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  • Hundreds of acres of land have been re-appropriated from white South African landowners to build low-cost housing.

    Hundreds of acres of land have been re-appropriated from white South African landowners to build low-cost housing. | Photo: Reuters FILE

Published 20 October 2018
Opinion

Last month, the city council voted in favor of “expropriation without compensation,” a legal tool that the ruling ANC deems necessary to correct the historic injustices of apartheid.

One city outside Johannesburg, South Africa is set to be the “test case” for the process of land redistribution, according to the mayor.    

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Ekurhuleni’s Executive Mayor Mzwandile Masina — who heads the ruling party’s local African National Congress(ANC)-led coalition — backed the promises of President Cyril Ramaphosa, telling the Associated Press that landowners in South Africa don’t need to be “scared. Our policy is not to take the land by force. Our policy is to make sure the land is shared amongst those that need it... we are not going to expropriate land and keep it for ourselves.”

But, last month, the city council voted in favor of “expropriation without compensation,” a legal tool that the ruling ANC deems necessary to correct the historic injustices of apartheid. Ekurhuleni plans to expropriate about 1.35 square miles of land in the city limits, both private and government-owned.

The Ekurhuleni test case will involve the “release” of land to residents every week. Dikgang Uhuru Moiloa, head of the provincial department of human settlements, says the government is starting the program by redistributing state-owned land but is also looking at privately owned land that is not being used. “We have to be very rational. We can’t just chase people out of land, their livelihoods, and providing food for the nation. We can’t do that. Those that use the land effectively definitely will have to be left to use the land effectively.”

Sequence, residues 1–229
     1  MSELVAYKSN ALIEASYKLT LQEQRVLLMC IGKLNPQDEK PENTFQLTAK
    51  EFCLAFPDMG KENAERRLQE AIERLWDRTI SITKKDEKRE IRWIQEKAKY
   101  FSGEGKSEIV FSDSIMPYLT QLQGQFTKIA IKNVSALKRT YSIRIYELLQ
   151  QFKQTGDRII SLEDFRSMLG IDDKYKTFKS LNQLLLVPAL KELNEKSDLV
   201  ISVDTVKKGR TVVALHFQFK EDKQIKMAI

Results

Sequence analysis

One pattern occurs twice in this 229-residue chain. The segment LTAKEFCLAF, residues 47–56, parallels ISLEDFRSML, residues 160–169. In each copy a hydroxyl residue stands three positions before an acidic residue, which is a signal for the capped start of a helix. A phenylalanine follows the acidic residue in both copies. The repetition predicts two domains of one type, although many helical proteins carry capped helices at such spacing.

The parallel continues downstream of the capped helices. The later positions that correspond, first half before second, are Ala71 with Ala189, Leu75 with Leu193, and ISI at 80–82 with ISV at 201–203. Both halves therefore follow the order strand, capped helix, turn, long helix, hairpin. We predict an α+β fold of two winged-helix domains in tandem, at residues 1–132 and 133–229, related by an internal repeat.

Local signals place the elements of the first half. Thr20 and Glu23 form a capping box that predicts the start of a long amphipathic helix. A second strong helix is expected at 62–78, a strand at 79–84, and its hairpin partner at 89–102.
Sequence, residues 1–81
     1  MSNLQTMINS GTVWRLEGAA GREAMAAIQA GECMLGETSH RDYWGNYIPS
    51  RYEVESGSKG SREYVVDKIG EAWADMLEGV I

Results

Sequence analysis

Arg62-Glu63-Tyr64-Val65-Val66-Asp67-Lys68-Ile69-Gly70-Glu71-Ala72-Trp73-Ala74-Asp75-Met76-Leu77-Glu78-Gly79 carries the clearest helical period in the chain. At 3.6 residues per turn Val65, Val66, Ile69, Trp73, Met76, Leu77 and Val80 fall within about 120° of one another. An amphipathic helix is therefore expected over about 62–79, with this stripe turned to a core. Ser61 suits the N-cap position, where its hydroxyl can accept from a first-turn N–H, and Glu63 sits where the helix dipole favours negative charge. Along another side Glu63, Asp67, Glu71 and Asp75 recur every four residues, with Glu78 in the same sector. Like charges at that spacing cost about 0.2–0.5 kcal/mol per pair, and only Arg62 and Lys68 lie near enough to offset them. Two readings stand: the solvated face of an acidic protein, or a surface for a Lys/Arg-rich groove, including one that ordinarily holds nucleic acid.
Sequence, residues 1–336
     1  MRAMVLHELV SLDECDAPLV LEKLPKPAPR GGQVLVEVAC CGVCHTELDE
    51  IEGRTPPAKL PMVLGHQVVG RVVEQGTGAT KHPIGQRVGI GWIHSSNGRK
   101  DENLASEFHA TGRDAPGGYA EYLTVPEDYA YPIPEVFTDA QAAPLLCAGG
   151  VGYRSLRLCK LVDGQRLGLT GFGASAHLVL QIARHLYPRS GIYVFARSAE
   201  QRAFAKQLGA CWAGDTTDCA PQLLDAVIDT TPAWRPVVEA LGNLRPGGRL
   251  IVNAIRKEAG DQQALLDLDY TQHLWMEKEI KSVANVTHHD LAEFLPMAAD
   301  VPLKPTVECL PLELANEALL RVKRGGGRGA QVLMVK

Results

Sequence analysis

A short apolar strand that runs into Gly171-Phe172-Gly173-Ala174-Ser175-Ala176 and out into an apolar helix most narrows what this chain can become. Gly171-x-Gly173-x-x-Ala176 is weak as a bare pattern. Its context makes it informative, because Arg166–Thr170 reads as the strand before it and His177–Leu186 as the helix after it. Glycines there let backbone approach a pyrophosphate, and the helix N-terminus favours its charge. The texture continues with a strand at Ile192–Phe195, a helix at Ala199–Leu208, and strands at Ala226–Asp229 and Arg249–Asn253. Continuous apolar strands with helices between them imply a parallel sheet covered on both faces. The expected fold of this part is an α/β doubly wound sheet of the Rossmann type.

Some 600,000 people, of Ekurhuleni’s four million population, are currently living in “informal settlements” amid a shortage of land available to construct dwellings. But, so far, hundreds of acres of land have been re-appropriated from white South African landowners to build low-cost housing.

In July, Ramaphosa drew global criticism and sparked panic among white South Africans after remarking that the ANC planned to amend the constitution to allow expropriation without compensation.

United States President Donald Trump added fuel to the fire after making erroneous declarations, on social media, that South Africa had begun seizing farms and that high numbers of farmers were being killed.

The ANC then reassured people, both inside and outside South Africa, that — though efforts are being made to ensure the majority of black South Africans have better access to land — the process will be legal, before adding that there should not be cause for alarm.

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“You can’t guarantee the outcome,” Ben Cousins, research chair in poverty, land and agrarian studies at the University of Western Cape, countered. “The court may find you do have to pay some level of compensation. It could backfire quite badly.”

Almost 25 years after white-minority rule supposedly ended, white South Africans — who make up eight percent of the population — still hold the majority of private properties. And, as a result of the disproportionate black-white landownership ratio, South Africa is one of the most unequal societies in the world.

Ramaphosa has said everyone should “relax” because the land reform process will “end up very well.”

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